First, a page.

is in the mainstream of comedy insofar as it is about young people and the process of growing up. Bertram is like most young men of every era: he wants to be one of the boys, to prove his manhood. Enlistment in the army provides the ideal opportunity. He wants to sow some wild oats along the way, but is not ready for marriage. Critics hate him for not loving the lovely humble Helen from the start. “I cannot reconcile my heart to Bertram,” wrote Dr. Johnson with characteristic candor and forthrightness, “a man noble without generosity, and young without truth; who marries Helen as a coward, and leaves her as a profligate: when she is dead by his unkindness, sneaks home to a second marriage, is accused by a woman whom he has wronged, defends himself by falsehood, and is dismissed to happiness.”
Of course there is something obnoxious in the snobbery with which Bertram first dismisses Helen on the grounds of her low status, but when he goes on to say that he is simply not in love with her, he reveals a kind of integrity. He bows to the King's will and marries her, but since his heart does not belong to her he refuses to give her his body. If a woman were forced to marry in this way, we would rather admire her for withholding sexual favors from her husband.
Bertram represents modernity in that he acts according to an existential principle: he follows his own self, not some preexistent code of duty, service to his monarch, or obligation to the older generation. One word for this code is indeed integrity. Another is selfishness. It is the prerogative of the old, especially mothers, to know, to suffer, and still to forgive the selfishness of their young. Bertram's mother, the widowed Countess of Rossillion, who treats the orphaned Helen like a daughter and is only too happy to accept her as a daughter-in-law, regardless of her lowly background, was described by George Bernard Shaw as “the most beautiful old woman's part ever written” (though she could perfectly well be in her forties). Since female parts were written for young male actors, strong maternal roles such as this are exceptional in Shakespeare. The only analogous parts are the more overbearing figures of Queen Margaret in the
plays, Tamora in
, and Volumnia in
. The serenity of the Countess has meant that the principal reason for modern revivals of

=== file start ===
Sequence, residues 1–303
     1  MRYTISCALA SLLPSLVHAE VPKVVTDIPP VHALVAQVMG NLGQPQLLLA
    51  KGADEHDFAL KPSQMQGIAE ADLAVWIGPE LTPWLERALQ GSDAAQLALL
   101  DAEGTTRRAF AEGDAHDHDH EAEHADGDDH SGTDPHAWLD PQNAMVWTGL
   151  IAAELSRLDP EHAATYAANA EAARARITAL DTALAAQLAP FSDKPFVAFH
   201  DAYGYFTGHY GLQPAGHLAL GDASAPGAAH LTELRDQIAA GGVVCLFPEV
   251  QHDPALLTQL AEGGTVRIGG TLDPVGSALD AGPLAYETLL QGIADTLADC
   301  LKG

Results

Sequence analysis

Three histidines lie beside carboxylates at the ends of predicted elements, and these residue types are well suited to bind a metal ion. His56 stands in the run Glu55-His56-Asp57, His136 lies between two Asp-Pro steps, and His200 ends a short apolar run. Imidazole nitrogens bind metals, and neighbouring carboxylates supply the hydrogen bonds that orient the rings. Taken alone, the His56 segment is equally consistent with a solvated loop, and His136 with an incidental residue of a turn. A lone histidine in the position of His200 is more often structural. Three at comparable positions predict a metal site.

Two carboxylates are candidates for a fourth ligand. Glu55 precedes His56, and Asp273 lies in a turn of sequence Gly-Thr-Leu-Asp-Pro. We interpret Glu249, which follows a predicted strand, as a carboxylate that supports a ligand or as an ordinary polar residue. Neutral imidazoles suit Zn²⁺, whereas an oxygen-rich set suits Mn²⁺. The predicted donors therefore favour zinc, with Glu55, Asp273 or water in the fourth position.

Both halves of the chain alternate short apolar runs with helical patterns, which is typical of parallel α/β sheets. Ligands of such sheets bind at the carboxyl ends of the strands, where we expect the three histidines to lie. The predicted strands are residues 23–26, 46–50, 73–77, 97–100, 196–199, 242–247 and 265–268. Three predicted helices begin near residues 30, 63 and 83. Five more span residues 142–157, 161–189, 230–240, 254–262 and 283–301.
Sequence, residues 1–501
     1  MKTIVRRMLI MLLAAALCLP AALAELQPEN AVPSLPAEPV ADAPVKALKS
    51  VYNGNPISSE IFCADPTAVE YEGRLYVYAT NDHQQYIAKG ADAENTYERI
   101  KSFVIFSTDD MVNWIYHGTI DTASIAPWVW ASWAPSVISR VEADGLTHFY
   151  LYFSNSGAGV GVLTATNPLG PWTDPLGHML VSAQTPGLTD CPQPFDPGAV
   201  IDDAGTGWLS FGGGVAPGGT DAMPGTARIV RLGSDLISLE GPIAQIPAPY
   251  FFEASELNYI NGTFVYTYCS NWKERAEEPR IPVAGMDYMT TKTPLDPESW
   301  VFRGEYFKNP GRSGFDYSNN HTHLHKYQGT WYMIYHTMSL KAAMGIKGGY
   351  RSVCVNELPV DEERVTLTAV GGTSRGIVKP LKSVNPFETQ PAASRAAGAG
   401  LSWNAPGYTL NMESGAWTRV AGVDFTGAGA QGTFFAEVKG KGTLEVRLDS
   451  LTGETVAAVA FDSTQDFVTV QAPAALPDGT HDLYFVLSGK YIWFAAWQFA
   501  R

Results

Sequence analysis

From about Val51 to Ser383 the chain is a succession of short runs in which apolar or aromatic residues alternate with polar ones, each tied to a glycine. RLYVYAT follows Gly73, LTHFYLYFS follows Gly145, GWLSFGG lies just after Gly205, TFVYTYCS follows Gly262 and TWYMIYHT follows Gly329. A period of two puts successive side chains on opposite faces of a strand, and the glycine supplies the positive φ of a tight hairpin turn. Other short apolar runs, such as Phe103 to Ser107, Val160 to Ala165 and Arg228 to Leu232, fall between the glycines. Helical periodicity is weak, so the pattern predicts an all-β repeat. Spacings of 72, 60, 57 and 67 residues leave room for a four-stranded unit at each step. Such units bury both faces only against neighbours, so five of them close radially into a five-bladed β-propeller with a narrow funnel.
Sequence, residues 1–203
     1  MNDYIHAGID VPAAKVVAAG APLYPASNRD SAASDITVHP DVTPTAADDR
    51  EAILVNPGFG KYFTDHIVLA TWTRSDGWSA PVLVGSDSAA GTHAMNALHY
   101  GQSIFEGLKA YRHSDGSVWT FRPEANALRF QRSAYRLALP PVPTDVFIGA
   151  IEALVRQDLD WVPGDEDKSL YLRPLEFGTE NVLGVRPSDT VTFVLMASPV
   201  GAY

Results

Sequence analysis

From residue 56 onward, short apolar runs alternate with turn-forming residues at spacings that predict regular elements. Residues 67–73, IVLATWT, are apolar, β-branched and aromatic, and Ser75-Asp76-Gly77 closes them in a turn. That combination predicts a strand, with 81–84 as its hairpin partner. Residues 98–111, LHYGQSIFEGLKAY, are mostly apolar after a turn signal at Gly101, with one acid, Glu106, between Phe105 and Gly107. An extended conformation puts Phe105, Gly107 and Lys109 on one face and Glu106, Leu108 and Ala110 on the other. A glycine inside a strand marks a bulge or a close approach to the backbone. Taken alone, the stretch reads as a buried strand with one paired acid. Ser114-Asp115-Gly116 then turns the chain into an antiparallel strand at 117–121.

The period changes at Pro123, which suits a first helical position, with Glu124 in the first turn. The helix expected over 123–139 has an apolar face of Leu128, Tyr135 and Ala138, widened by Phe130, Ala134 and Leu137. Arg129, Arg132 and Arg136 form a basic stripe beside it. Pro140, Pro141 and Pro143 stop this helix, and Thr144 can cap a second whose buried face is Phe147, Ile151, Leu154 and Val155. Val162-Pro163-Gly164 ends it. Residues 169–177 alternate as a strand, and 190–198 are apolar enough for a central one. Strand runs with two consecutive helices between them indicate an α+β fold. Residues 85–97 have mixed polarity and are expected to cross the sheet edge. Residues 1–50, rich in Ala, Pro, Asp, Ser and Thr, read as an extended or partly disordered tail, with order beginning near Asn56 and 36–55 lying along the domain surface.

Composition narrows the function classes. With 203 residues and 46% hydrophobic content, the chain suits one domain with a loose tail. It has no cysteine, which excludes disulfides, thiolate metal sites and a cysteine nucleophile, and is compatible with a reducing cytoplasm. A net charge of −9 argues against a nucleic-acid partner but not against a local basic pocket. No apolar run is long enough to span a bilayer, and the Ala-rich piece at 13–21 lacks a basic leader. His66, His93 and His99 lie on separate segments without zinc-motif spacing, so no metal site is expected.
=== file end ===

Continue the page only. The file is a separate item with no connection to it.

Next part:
has been the opportunity to showcase actresses such as Edith Evans, Peggy Ashcroft, and Judi Dench in their later years.
One of the key debates in the play is that between nature and nurture. The Countess of Rossillion believes that her son is a fundamentally good boy who has fallen into bad company, as embodied by the worthless Parolles. Helen, meanwhile, has strong natural qualities (the “dispositions she inherits”) reinforced by a loving and responsible upbringing (the “education” she has received first from her doctor father, then in the household of the Countess).
Parallel to the question of nature and nurture is that of divine providence and individual responsibility. Helen believes that “Our remedies oft in ourselves do lie, / Which we ascribe to heaven”: like Bertram, she is a voice of modernity in her belief that individuals can carve their own destiny. She does so by means of disguise and bold solo travel: from Rossillion in southwest France to Paris, where she gains access to the King, then to Florence in the dress of a pilgrim en route to Compostela. Like Julia in
The Two Gentlemen of Verona
, Rosalind in
As You Like It
, and Viola in
, she uses her disguised self as an opportunity to talk about her true feelings. The part is the longest in the play and it gives an actor great opportunities for the portrayal of an isolated young woman's self-exploration through both soliloquy and dialogue in lucid and serpentine verse, not to mention passages of prose banter and some piercing asides.
As Dr. Johnson dryly noted, the geography seems somewhat awry when Helen undertakes her pilgrimage: in going from France to Spain via Italy, she is “somewhat out of the road.” Such details did not matter to Shakespeare. For him, the pilgrim motifâtaken over from the story in Boccaccio that was his source for the main plot of the playâhad symbolic importance in that it associated Helen with an older value structure of reverence and self-sacrifice even as she asserts her own will. Pilgrims are people who believe in miracles, so Helen's adoption of the role allies her with the worldview voiced by the old courtier Lafew after she has cured the King: “They say miracles are past, and we have our philosophical persons to make modern and familiar, things supernatural and causeless. Hence is it that we make trifles of terrors, ensconcing ourselves into seeming knowledge when we should submit ourselves to an unknown fear.”